Ability to Practice
by Rev. David R. Comings, Ph.D., BCPP, Director of Legislation
During my tenure as your Director of Legislation the question would periodically arise – “I am moving to <pick a state or commonwealth> and would like to know whether I can legally practice there.” Needless to say, this is a great question! It is also something that should be on all of our minds as we practice in our several states, since it is not legal for us to practice in all of them – depending on what credentials we hold outside of Polarity Therapy.
There is no state or commonwealth in these United States that currently licenses Polarity Therapy – None. There is one state – Vermont – that requires practitioners to register with the state (NOT the same as a license, although it does include a fee).
While Polarity Therapy is not licensed, most states and commonwealths do license massage therapy, and all of them license medical practitioners (e.g., medical doctors, nurses, physical therapists). Most, if not all, also license acupuncture.
So, a great question to ask is: “If we do not need a license to practice Polarity Therapy, how could it be illegal for us to practice as Polarity Therapists?”
The answer is simple, the laws licensing massage therapists define massage therapy broadly enough to include practices used in Polarity Therapy. The good news is, some of them also provide exemptions for Polarity Therapy or energy work. The bad news is, many of them do not.
Many of us would not know where to look to find out what the laws are in our state/commonwealth, and even if we did, we would not know what we were looking for or looking at when it comes to reading legislation.
Fortunately, I have done the research on all 50 of these United States and the District of Columbia and compiled it into a spreadsheet that is available on our website HERE!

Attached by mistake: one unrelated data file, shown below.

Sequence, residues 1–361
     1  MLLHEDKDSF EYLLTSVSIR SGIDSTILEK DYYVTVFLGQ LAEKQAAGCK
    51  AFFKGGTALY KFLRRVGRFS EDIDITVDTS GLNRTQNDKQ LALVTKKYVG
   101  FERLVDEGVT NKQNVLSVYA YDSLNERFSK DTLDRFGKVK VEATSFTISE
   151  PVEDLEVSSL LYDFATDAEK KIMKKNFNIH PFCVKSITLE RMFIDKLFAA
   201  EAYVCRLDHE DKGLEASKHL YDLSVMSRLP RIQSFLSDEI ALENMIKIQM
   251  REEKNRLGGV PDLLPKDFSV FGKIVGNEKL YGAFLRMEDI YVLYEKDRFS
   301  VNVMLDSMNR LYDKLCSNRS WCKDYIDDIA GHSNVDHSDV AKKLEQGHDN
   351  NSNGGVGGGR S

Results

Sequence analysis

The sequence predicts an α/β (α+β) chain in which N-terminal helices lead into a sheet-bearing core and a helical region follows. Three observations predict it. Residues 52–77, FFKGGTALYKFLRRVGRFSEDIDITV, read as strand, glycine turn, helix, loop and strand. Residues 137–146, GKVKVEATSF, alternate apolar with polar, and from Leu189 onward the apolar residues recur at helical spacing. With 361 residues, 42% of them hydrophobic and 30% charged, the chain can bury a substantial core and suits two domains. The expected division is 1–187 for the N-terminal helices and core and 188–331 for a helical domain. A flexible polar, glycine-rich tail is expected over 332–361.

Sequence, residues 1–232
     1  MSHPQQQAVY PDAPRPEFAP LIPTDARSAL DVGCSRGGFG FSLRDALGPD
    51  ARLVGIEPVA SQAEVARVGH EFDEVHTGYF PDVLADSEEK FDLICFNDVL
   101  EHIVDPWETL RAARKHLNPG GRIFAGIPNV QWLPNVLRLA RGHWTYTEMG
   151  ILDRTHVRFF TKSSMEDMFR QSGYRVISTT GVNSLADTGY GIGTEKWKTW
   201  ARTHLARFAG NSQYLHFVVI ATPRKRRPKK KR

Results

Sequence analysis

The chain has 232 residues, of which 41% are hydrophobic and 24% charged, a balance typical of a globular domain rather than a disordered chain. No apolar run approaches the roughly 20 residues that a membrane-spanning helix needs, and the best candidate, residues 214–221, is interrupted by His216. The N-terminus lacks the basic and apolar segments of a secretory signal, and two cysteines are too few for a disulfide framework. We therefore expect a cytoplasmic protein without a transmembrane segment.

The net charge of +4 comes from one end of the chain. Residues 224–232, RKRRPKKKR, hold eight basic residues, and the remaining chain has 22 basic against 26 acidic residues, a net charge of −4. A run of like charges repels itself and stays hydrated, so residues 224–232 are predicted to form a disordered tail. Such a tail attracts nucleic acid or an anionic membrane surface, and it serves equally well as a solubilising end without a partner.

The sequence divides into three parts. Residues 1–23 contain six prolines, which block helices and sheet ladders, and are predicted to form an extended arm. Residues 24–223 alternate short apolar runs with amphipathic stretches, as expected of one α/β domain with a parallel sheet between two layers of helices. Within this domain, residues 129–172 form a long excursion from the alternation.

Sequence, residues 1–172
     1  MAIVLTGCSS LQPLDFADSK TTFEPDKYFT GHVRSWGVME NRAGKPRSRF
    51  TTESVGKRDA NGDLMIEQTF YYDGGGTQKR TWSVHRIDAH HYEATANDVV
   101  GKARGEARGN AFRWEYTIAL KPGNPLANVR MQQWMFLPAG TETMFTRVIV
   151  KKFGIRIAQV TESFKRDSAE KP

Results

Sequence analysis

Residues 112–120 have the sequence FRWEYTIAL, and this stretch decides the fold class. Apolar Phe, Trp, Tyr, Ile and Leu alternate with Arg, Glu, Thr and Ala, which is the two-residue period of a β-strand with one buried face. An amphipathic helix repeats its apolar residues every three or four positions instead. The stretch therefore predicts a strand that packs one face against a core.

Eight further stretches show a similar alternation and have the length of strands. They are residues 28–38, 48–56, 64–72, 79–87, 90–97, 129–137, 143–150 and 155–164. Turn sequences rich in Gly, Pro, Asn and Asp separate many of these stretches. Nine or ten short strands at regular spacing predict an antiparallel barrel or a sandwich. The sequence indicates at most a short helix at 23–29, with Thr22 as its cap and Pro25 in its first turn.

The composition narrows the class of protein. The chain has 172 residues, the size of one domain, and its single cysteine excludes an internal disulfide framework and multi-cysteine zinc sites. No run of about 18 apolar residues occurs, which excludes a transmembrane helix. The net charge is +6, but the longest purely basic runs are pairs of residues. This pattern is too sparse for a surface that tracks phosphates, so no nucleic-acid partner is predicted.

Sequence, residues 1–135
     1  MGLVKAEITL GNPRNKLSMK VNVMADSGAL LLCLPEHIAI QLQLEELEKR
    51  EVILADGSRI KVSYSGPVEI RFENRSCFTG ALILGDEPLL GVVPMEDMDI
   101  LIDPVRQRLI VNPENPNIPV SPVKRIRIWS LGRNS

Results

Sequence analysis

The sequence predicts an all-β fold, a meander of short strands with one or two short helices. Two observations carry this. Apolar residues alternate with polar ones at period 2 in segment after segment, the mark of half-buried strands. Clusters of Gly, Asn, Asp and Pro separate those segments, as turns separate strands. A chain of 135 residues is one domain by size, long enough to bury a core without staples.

The good news is – we can legally practice in 24 states/commonwealths.
The bad news is there are 23 states where it is illegal for us to practice.
There are also 3 states where the law is sufficiently unclear that I am uncertain whether we can legally practice there or not (at the time of this article they are: Colorado, Maryland, and North Dakota). It is likely we can practice in these states, but I would recommend getting a proper legal opinion prior to opening a practice.
Also, as noted above, Vermont requires practitioner registration – not licensing.
In addition, Rhode Island has an “Unlicensed Health Care Provider” law that allows us to practice as long as we meet the requirements of § 23-74-14 of the law. This section requires that we provide each prospective client with an “Unlicensed Health Care Client Bill of Rights.” Anyone wishing to practice in Rhode Island needs to work with someone to ensure they are meeting all legal requirements.
What other options do we have in the 23 states where it is illegal for us to practice? Well… there is always the option of becoming a Licensed Massage Therapist (LMT). There is also the option for licensed medical professionals or acupuncturists to perform Polarity Therapy under their medical or acupuncture license – as long as it is within their scope of practice.
The only other option we have in the 23 states where it is illegal for us to practice is to get involved! Work with local organizations and with APTA to help ensure your right to practice is preserved!
Your Director of Legislation, Deb Fox, has taken the reins from me and is working hard to ensure your right to practice is preserved and expanded throughout our country. She can use your help, so please do not hesitate to work with her, particularly when new legislation is proposed in your state or commonwealth.
May you all enjoy safe, legal, and prosperous practices.
Disclaimer: I am not a lawyer and nothing I am providing here or in the spreadsheet is, or is intended to constitute, legal advice. For legal advice please consult a cognizant attorney in your area.
In addition, the information is current as of August 2022 – laws change and if the table is not updated the information will become dated and likely incorrect. The year the most recent law was validated is included in the table.